In Jack Canfield’s book Success Principles he states that “Successful people adhere to the ‘no exceptions rule’ when it comes to their daily disciplines. Once you make a 100% commitment to something, there are no exceptions.” It can be much harder to make a loose commitment than to go 100% all in.

Our wonderful minds are experts in justification and can easily generate a million excuses to not meditate today and instead meditate tomorrow — unless you draw a hard line.

It may seem counterintuitive, but make that commitment and it will be much easier to follow through.

Give Yourself A Head Start
A car wash once ran a promotion using loyalty cards. Every time customers bought a car wash, they got a stamp on their cards, and when they filled up their cards, they got a free wash.

The fascinating thing is that the car wash was able to significantly increase the number of customers who followed through with the promotion by using a simple trick: Some customers received a card with eight washes to be completed. Another set of customers received a card with ten washes, but were given a “head start” with two stamps already added to their card.

By giving ourselves a small yet significant goal — meditating every day and seeing it through for 7 days — we engineer an initial success that we can then build on. We give ourselves a head start, two stamps of progress on the meditation card which makes it much more likely that we will continue.

Psychologist Karl Weick sums it up best: “A small win reduces importance (this is no big deal), reduces demands (that is all that needs to be done) and raises perceived skill levels (I can do at least that). All three of these factors will tend to make change easier and more self-sustaining.”

Meditation Techniques Simplified.

There are many different meditation techniques, and they likely all work. Rather than getting caught up in the details, the most important thing is to actually do the practice.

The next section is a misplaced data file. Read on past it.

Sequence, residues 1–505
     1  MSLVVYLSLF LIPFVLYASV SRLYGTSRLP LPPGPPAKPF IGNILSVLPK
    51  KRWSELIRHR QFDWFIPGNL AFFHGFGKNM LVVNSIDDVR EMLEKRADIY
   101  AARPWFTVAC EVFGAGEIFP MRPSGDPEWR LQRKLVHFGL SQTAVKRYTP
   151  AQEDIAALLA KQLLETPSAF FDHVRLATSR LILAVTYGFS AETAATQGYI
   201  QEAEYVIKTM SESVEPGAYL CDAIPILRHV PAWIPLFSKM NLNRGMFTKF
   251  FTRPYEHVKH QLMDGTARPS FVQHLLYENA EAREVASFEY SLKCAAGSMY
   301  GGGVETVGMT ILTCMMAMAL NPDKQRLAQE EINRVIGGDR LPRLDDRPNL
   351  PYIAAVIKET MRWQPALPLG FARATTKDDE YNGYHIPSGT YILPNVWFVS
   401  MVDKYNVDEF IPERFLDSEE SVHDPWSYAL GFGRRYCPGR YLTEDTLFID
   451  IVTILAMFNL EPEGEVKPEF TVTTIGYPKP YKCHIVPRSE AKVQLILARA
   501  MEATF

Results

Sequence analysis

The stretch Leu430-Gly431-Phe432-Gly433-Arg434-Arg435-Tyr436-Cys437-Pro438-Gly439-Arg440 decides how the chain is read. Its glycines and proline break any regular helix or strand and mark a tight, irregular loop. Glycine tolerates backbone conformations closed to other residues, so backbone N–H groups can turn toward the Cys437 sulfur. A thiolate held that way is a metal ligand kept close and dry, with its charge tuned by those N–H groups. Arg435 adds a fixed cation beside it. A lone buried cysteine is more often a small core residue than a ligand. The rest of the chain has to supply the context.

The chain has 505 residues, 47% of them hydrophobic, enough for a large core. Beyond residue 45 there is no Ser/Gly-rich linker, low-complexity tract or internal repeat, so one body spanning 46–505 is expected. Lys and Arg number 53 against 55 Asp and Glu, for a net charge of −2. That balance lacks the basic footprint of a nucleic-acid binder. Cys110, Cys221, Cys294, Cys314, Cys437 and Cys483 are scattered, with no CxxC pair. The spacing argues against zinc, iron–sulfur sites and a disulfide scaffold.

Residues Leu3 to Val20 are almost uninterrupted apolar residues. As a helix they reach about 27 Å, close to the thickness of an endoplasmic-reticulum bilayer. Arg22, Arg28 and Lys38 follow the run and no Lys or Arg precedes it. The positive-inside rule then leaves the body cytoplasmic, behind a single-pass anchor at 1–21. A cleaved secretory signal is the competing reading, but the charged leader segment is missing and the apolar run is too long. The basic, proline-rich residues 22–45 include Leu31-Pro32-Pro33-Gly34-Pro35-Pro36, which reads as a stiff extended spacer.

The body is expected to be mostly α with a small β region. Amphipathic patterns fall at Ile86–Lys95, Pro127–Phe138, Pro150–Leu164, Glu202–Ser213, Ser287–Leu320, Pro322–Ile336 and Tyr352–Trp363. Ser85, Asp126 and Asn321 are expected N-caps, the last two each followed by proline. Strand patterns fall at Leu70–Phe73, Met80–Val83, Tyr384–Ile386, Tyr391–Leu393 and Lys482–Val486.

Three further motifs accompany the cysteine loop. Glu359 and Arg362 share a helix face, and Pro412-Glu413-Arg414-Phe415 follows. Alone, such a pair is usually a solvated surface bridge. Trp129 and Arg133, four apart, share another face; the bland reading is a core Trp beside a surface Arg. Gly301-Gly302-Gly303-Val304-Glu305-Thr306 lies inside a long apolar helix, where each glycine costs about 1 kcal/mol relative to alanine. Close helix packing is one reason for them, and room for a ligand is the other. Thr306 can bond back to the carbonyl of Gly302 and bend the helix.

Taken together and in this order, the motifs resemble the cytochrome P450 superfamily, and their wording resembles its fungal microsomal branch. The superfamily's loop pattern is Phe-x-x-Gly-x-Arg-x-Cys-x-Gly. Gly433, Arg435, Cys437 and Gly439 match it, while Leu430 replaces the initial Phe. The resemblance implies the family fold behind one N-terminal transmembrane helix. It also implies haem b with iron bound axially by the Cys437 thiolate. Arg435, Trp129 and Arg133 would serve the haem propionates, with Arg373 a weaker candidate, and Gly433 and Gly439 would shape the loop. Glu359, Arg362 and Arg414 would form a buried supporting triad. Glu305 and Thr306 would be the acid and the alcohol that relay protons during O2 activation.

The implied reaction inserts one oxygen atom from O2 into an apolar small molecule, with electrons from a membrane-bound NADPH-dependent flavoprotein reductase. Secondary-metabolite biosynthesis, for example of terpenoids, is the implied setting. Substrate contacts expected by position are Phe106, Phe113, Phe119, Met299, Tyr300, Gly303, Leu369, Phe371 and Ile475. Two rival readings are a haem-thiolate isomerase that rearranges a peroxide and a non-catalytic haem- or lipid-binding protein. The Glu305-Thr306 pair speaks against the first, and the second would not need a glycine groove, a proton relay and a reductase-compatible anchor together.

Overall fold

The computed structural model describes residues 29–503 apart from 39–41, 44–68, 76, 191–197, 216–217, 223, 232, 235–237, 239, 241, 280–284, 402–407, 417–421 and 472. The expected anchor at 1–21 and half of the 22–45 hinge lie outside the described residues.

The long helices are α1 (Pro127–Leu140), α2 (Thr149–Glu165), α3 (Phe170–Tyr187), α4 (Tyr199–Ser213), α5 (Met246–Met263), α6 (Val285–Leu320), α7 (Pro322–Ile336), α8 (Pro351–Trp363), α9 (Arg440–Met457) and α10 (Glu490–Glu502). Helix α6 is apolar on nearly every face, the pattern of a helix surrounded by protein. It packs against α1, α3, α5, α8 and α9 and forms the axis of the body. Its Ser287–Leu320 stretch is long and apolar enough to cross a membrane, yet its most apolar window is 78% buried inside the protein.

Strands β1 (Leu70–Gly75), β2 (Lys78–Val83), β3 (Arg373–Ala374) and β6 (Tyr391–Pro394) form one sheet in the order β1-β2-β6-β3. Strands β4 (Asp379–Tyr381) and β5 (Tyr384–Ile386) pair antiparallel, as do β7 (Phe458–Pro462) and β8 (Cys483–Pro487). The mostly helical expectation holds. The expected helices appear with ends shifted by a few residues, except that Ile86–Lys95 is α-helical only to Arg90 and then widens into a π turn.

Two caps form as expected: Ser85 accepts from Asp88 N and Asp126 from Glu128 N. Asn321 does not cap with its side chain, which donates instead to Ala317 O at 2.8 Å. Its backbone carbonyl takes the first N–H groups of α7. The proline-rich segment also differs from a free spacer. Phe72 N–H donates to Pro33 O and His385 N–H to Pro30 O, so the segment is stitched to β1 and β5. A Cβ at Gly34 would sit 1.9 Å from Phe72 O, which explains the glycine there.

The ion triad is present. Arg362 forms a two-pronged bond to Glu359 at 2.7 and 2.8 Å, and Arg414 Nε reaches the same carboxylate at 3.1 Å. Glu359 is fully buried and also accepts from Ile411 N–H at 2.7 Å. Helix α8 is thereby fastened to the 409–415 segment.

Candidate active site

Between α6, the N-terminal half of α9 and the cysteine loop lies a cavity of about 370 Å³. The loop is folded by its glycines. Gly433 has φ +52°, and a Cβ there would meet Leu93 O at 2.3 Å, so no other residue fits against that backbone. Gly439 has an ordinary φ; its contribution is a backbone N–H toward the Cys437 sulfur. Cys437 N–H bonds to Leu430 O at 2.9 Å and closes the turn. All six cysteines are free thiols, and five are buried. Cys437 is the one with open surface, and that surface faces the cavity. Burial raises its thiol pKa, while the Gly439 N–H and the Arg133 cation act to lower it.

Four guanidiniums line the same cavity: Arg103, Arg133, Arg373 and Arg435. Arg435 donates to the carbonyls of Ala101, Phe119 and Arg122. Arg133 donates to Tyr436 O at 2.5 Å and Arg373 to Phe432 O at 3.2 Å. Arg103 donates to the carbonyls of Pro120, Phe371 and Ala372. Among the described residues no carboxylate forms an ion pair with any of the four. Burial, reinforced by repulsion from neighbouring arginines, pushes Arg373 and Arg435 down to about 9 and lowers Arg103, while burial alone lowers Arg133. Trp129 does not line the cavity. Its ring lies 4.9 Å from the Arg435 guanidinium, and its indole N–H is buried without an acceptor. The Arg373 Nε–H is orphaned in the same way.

If you already have a technique that works for you, great! If you are brand new, the technique below is a good one to get started. As time goes on you may be exposed to other techniques that you like better. Feel free to explore and find the one that suits you the best.

The technique:

  1. Sit comfortably. Forget all those special cushions, the folded legs, the rigid posture, etc. Sit in whatever way is comfortable for you. On the floor, in an armchair, with a special meditation cushion. Just get comfy so you aren’t distracted by being uncomfortable.
  2. Observe what goes on. As we mentioned previously, meditation is not about getting somewhere. It is not about experiencing a special moment. It is about being present and simply noticing what thoughts are going through your mind, what sensations are going through your body. You can’t do this wrong.
  3. Accept the experience. If you are new to meditating, it’s probably not going to feel anything close to peaceful for a little while. It’s not about feeling peaceful, it’s about observing whatever it is that you are experiencing and accepting it. Go with it. If you have a seriously negative thought, watch it drift by like a cloud in the sky. Notice and say, “hmm that was quite a negative thought. I wonder where it came from?” and let it go.
  4. Use a technique to focus the mind. A simple one is to focus on the breath. Lightly touch the inside of your nostrils. Now take a breath and see if you can notice the the sensation of your breath moving past that spot. Just focus on that feeling as you breath in and breath out. If following your breath isn’t working for you, try googling mantra, yantra, or meditation techniques. There are a multitude of options. Just pick an easy one and get started.

Every journey begins with a single step

It is so exciting for me to share this information with you because this practice has had such a positive impact in the quality of my life.

I hope very much that you will take this first step, give meditation a try, and see this through for the next 7 days.

Like anything else, meditation is a practice. It is like a muscle that you can build.

When you are just beginning, it’s easy to become overwhelmed, to feel like you are doing it wrong, or wonder if you have the right technique.

Don’t worry about it. Just take a little bit of time each day to sit quietly with yourself. No goal, no purpose, just some quality you time doing absolutely nothing. Things will become more refined as you go.

Most importantly you’ve taken a step towards developing a practice that is endorsed by the great wisdom traditions and modern science a like.

You’ll have a free, all-natural, wonderfully effective technique in your wellness toolkit that you can use to deal with stress, improve your mental and physical health, and develop a deeper connection with yourself and your life.

Happy trails and enjoy!

P.S. Did this work for you? I’d love to hear your story. Send me an email and let me know.

Have you tried meditating? What have you struggled with? Leave your question or comment below. I’ll read every one.